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Sonar5

Heading concern on Default 172, 182: Looking for Ideas

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Hi Folks,I am looking for a solution regarding gyrodrift in MSFS2002 in the default 172's and 182's. And before you ask, I know I can turn off Gyrodrift in the settings and yes it will track correctly in that regard. I also know about recalibrating by Hitting the "D" key. This also does not occur in the Baron, or Caravan, or my Payware FSD Commander, but does occur in some add-on's using the default gauges from the 172 and 182 aircraft.First the screenpics depicting my concern.The first pic shows me at Ford Island, Hawaii which I used for my testing ground. I also emulated the same results at KLOT in Illinois.The runway is 22 which has a magnetic heading 220, It reflects accurately at Takeoff which is at 9:13:51 AM.http://ftp.avsim.com/dcforum/User_files/3ce01dee68831fd9.jpgThe second pic is after touchdown at 9:19:59 AM. As you can see the compass and ShiftZ Heading info, and GPS info are correct per the runway heading, but the Heading Indicator is off 12 Degrees after Only 1 pattern. As shown on the GPS, I have tested this with quite a few patterns in different aircraft in MSFS2002, including multiple times in the 182 and 172, calibrating after each one by hitting "D"http://ftp.avsim.com/dcforum/User_files/3ce01e0c68e14aec.jpgSo my question is, How can I get the default aircraft to use the Heading info from a different plane that does work: IE Which gauges should I be using to test this out, or has someone already figured this one out. Has someone used the Baron on a long x-country and experienced Gyro Drift like a real flight?I know about Gyro Drift, but it is never this bad in the 172's that I fly at Joliet, Illinois. So how can we fix it. I like flying with all realism settings enabled, so I would prefer to leave gyrodrift enabled.I am in no way slammimg the sim, nor do I desire you to. I am only looking for a solution to this.Related to this thread, but no viable solution listed, IMHOhttp://ftp.avsim.com/cgi-bin/dcforum/dcboa...orum=DCForumID8Thanks for your help,Joe :-waveEdit:I also did not have failure settings enabled during these tests. If this was real, it would be tagged INOP in a real plane. :-)End Edit:http://home.attbi.com/~jranos/mysig.jpg http://avsim.com/hangar/air/bfu/logo70.gif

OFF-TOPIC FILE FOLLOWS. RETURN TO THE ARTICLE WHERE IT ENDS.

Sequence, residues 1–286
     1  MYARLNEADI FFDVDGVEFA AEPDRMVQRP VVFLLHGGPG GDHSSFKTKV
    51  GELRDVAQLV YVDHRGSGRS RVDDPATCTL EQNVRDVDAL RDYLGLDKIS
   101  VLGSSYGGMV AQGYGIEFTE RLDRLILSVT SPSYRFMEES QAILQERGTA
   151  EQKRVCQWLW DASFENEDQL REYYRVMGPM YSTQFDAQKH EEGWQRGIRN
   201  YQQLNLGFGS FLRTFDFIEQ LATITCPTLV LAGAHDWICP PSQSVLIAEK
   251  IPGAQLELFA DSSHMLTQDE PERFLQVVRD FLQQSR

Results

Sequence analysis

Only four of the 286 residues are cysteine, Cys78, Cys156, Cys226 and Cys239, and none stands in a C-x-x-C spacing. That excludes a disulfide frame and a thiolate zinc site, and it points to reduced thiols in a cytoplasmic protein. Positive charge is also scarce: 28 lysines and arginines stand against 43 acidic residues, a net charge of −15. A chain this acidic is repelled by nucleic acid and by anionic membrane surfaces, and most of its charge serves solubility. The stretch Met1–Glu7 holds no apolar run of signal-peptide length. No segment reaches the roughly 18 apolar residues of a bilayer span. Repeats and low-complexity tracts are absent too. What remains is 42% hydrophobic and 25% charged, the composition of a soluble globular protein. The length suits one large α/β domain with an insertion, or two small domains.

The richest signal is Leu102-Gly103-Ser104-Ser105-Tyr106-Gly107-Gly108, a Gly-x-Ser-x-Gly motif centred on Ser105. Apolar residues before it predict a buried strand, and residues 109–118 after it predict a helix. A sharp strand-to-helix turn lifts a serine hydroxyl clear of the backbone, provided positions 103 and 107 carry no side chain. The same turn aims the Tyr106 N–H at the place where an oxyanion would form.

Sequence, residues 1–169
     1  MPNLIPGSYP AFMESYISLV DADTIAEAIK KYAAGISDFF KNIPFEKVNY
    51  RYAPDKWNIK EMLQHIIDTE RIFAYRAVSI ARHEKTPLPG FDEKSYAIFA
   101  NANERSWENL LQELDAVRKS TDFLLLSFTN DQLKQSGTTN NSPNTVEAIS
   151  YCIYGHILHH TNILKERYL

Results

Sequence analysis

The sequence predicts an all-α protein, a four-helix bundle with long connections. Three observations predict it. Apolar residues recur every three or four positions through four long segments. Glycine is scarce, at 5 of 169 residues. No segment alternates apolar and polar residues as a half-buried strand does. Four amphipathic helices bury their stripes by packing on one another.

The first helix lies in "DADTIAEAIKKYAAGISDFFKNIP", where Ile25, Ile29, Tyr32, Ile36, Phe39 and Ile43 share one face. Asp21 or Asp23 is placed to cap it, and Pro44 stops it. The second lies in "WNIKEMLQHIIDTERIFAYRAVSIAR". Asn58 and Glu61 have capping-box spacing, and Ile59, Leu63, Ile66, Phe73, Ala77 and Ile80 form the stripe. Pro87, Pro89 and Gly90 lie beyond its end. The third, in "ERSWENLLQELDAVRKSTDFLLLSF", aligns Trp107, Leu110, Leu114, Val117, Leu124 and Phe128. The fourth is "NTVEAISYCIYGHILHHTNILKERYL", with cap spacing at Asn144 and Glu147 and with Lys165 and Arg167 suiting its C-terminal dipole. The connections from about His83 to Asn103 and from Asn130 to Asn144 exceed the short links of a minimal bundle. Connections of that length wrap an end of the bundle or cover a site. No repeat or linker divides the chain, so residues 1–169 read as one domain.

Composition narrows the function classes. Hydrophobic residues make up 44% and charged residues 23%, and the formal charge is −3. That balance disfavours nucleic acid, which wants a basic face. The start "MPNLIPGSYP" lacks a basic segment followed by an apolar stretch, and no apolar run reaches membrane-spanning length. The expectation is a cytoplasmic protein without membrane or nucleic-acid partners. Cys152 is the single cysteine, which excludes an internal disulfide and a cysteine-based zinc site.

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Hi JoeThe exagerated gyro drift in FS2002 can be adjusted. In the FS2002.cfg under "REALISM" look for the line "GyroEffect="The default is 1 but a realistic setting is 0.125 . That should do the trick.Take careMike

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Mike here is mine,[REALISM]INDASPD=0PFactor=0.420000Torque=0.420000GyroEffect=0.420000CrashTolerance=1.000000General=1.000000UnlimitedFuel=FalseTrueAirspeed=FalseAutoCoord=FalseRealMixture=FalseStressDamage=FalseSunGlare=TrueGEffect=TrueManualLights=TrueGyroDrift=TrueCrashWithDyn=FalseCrashDetection=0So mine is at 0.42 already and again if that was all that was needed, why only those aircraft, and not the Baron, Caravan, etc. I feel that if I lower it, I will not experience Gyrodrift in the planes that are correct already with that setting.I feel it is a gauge concern, and I would rather have it corrected than turn it off. Thanks Anyway,Joe :-wave http://home.attbi.com/~jranos/mysig.jpg http://avsim.com/hangar/air/bfu/logo70.gif

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Oh, I see. I did not read properly :-shyI do ot know why only some planes do that. SorryTake careMike

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That's ok Mike,I appreciate the response. I don't know code very well, so I am not really sure what to look for in order to change the gauge out in the panel.Others have posted about this before and are usually rebuffed and asked to turn it off. Well, I would like some realism and turning it off isn't too real to me.Thanks Again,Joe :-wavehttp://home.attbi.com/~jranos/mysig.jpg http://avsim.com/hangar/air/bfu/logo70.gif